courts week 12 notes
courts week 12 notes Crju 3700
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This 5 page Class Notes was uploaded by Khaila Coissiere on Thursday March 31, 2016. The Class Notes belongs to Crju 3700 at Georgia State University taught by Prof Johnson in Winter 2016. Since its upload, it has received 9 views. For similar materials see American criminal court in Criminal Justice at Georgia State University.
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Date Created: 03/31/16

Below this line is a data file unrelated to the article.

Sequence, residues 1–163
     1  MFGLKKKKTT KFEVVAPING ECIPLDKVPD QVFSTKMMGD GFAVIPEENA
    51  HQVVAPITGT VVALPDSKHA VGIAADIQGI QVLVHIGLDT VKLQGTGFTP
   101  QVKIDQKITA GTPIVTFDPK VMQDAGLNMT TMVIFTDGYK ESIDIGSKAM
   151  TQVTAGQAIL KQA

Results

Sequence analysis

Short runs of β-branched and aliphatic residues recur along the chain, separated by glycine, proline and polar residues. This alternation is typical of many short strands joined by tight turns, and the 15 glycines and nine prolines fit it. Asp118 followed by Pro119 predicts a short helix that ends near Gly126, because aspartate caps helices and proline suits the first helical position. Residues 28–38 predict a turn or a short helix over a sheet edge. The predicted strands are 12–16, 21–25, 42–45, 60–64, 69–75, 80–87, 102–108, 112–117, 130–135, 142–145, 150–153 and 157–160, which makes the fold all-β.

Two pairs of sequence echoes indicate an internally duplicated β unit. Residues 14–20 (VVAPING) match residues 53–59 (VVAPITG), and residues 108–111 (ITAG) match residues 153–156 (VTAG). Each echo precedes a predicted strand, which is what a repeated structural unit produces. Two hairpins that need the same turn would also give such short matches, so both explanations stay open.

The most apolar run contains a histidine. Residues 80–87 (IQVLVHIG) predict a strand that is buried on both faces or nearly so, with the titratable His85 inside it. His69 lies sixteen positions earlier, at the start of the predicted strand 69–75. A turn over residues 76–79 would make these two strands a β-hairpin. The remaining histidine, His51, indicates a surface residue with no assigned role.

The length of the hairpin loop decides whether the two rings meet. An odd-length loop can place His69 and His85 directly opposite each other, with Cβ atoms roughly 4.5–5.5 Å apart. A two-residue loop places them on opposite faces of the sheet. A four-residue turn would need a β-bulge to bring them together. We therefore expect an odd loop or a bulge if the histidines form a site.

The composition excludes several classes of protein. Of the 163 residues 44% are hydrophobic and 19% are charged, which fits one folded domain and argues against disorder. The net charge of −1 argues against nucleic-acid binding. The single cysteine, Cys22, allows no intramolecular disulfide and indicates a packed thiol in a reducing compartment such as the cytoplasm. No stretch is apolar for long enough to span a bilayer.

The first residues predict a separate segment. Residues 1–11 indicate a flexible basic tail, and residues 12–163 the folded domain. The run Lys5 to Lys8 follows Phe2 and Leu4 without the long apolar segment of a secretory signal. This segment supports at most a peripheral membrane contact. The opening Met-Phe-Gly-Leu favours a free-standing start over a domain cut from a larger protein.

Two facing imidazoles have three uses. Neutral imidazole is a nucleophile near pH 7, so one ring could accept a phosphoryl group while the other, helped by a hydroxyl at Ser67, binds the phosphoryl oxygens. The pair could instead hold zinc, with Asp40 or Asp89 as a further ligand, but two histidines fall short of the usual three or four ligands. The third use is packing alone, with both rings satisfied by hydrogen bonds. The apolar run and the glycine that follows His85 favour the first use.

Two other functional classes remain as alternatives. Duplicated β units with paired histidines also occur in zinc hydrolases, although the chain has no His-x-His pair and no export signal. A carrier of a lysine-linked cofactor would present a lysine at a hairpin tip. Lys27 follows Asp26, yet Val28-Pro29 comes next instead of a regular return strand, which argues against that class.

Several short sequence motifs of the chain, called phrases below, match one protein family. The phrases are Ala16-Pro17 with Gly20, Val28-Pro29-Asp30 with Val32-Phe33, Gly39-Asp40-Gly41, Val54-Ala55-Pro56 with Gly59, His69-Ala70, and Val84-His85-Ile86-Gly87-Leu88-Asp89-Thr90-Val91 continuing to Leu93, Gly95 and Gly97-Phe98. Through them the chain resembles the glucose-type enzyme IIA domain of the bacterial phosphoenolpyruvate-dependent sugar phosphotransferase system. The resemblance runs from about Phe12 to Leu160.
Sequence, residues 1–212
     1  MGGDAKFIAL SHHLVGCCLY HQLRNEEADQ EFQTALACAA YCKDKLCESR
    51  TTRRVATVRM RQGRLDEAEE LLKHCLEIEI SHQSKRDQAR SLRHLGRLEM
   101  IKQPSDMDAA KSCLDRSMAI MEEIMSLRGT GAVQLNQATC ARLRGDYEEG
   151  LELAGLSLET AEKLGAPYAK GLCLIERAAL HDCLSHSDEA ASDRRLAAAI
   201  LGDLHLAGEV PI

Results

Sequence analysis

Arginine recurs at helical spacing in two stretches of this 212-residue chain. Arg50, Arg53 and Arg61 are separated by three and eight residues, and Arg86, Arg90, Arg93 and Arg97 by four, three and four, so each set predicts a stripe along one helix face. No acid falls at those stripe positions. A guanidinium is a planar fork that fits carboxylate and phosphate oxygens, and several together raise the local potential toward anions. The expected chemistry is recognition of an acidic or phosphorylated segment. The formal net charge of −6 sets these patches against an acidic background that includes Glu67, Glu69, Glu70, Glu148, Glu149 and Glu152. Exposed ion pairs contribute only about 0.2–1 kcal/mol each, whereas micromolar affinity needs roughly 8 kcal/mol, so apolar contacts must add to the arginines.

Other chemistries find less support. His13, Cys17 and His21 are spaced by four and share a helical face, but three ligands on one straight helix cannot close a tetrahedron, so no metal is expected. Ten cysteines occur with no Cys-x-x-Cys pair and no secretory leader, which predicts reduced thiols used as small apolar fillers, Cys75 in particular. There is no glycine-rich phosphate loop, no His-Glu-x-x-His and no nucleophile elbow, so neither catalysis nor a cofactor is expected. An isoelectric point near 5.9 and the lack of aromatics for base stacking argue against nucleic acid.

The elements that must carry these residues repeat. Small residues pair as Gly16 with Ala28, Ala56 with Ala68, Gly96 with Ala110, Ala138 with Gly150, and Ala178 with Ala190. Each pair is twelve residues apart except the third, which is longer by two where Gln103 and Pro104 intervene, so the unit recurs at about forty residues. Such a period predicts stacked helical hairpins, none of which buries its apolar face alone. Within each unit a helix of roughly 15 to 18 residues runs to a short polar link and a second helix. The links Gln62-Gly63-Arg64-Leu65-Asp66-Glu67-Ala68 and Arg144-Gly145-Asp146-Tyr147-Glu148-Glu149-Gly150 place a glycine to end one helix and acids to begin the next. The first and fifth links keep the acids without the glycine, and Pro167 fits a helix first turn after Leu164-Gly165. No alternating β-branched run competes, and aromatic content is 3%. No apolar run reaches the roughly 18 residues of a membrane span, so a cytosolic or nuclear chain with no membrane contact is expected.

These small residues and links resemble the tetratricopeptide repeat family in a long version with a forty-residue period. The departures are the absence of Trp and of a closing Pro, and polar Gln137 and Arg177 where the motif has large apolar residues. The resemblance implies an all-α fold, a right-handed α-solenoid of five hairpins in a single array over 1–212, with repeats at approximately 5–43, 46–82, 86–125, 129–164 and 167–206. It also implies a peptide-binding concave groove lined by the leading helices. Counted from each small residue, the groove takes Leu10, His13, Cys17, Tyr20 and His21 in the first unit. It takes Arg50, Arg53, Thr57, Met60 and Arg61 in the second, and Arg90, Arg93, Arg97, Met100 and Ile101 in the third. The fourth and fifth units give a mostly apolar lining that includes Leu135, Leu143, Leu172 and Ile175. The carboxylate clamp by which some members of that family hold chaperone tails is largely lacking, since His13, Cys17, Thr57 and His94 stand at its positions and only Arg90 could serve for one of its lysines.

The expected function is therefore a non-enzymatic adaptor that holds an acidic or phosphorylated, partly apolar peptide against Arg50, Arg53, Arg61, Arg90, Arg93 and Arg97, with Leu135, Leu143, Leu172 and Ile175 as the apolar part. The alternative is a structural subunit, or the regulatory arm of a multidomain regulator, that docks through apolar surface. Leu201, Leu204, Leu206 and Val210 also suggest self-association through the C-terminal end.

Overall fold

Chapter 15 – Sentencing Decisions Thursday, March 31 st Courtroom Workgroups and Sentencing Decisions Probation offer o Supervision o Presentence investigation Recommendations Sentence Level of supervision Conditions of supervision Treatment plan Community resources Prosecutor o Count or charge bargain Limit maximum penalty o Aggravating factors seriousness of crime, use of weapon, personal injury to victim, harsher sentence o Mitigating factors lack of mental capacity and role (principal or secondary actor), marital status, relationship with family, length of employment, prior alcohol or drug abuse, youth of defendant o Makes sentencing recommendations Defense attorney o Trial or guilty plea o Judge shopping o Communicate with prosecutor o Highlight circumstances favorable to the defendant Judge o Limited by the legislature o Informally limited by the courtroom workgroup o Usually follows the recommendations provided if reasonable Normal Penalties Twostage decisionmaking process o Probation vs. incarceration? o If incarceration, how long? "normal" penalties are guides and are not applied mechanically What are some deviation factors? Health, bread winner for family, custody of children Discrimination in Sentencing Illegitimate influences on the sentencing process; focus on the defendant's attributes What are some factors of discrimination? o Economic status o Gender o Race Discrimination and Economic Status Chapter 15 – Sentencing Decisions Thursday, March 31 st Poor less likely to be released on bail Poor less likely to hire private attorney Often represented by courtappointed attorney Less likely to get probation and receive longer prison sentences Discrimination and Gender Why are women increasingly being sentenced to prison? Are women sentenced more leniently than men? o Chivalry/paternalistic philosophy stresses that "women are awarded leniency in sentencing as a result of their inherent biological weaknesses and their need to be protected and coddled both as offenders and as victims" o Evil woman philosophy emphasizes that women lose the advantages normally provided by chivalry and paternalism when they are convicted of "manly" crimes o Women commit less serious crimes than men Discrimination and Race Law is not biased, but discretion of CJ officials can be Can prosecutorial discretion be discriminatory? Young, AfricanAmerican males Southern vs. northern states Offendervictim dyad (Capital punishment) o Black offender, white victim o White offender, white victim o Black offender, black victim o White offender, black victim Disparities in Sentencing Inconsistencies in sentencing resulting from the decisionmaking process o Geography o Judicial backgrounds and attitudes Sentencing Guidelines State and federal guidelines Directs the judge in specific action to take Voluntary guidelines Advisory/suggested Mandatory guidelines Prescriptive/required Chapter 14 – Sentencing Options Tuesday, March 29 th Why do we sentence? Retribution o Offenders deserve punishment o Hold individual responsible for their actions Lex talionis "eye for an eye, tooth for a tooth" "just deserts" o Limitations? Wrongfully convicted sometimes, focuses on crimes of violence Deterrence o Prevention of future crimes General vs. specific deterrence General prevent general public Specific prevent certain person or group from committing that offense Severity, certainty, celerity of punishment Severity how severe the punishment is Certainty how likely the criminal is to get away with crime as opposed to being caught Celerity swiftness of punishment o Utilitarian Bentham o Rests on the assumption of rational behavior Hedonistic calculus discourage crime by making it painful o Limitations? Assumes most criminals aren't rationalize, assume people know what the punishment is Rehabilitation o Treat rather than punish o Probation o Parole o Pretrial diversion o Evidencebased corrections o Public safety realignment o Sentences should fit the offender rather than the offense Incapacitation o Assumes crime prevention (future oriented) o Focus on personal characteristics of offender o Limitations? Cost, putting criminals together makes better criminals o Selective incapacitation Restoration o Seeks to replace retribution Crime is conflict between individuals Crime is secondarily a violation of government laws Principle aim of criminal justice system should repair these injuries Criminal justice system should facilitate involvement of victims, offenders, and community Chapter 14 – Sentencing Options Tuesday, March 29 th Restorative Justice o Three elements Crime is primarily a conflict between individuals, which results in injuries The principal aim of the CJ system should be to repair these injuries The CJ system should facilitate the involvement of victims, offenders, and the community o Should restorative justice replace revengebased sentencing? Who Should Decide the Sentence? All 3 branches of government play a part Legislative branch o Initially create sentencing options o Criminal codes o Indeterminate vs. determinate sentences Indeterminate range of years a person may serve Determinate fixed sentence a person has to serve Judicial branch o Choosing sentencing options provided by the legislate o No 2 cases are alike (use discretion) Rehabilitative model Wide discretion Due process model Discretion = inequity Crime control model Discretion = leniency Executive branch o Governors, parole boards, departments of corrections o Carry out sentencing Parole Good time Pardon What Sentence Should Be Imposed? Cruel and unusual punishment o 8th amendment Imprisonment o Prison overcrowding o Conditions of confinement lawsuits o High costs o Realities of imprisoning large numbers of criminal force states to look at alternative sanctions Probation o Most commonly used sanctions in U.S. o Maintaining control while allowing offenders to live in the community Chapter 14 – Sentencing Options Tuesday, March 29 th o Less expensive than incarceration o Statutes prescribe who can and cannot receive probation Duties of probation officers? Make sure gainfully employed, housing, supervising in the community Fines o One of the oldest and most widely used forms of punishment o Traffic court, minor ordinance violations Restitution o Offender provides reparation to the victim for harm caused by the offense o Direct vs. symbolic restitution Direct offender is required to make monetary payments to victim Symbolic offender makes reparation for harm done in the form of good works benefitting the entire community rather than particular individual harmed Intermediate Sanctions Community service o Symbolic restitution offender has injured community and therefore should compensate the community for that injury Intensive supervision probation o Targets offenders who most likely will face imprisonment for their next offense o Home detention o Electronic monitoring o GPS monitoring Boot camp offenders serve short sentence that includes rigorous, paramilitary regimen designed to develop discipline and respect for authority o Shock incarceration offender is sentenced to a brief jail or prison sentence then released on probation Death Penalty Capital punishment automatic review Lengthy appeals and evolving standards 8th amendment standards o Furman v. GA (1972) moratorium o Gregg v. GA (1976) bifurcated trial process o Coker v. GA (1977) crime limitations rape isn't death eligible; crime has to be murder o Atkins v. VA (2002) development limitations mentally ill can't receive o Roper v. Simmons (2005) age limitations 18 and under can't receive Method of execution Death qualified juries Narrowing deatheligible cases Crime limitations Development limitations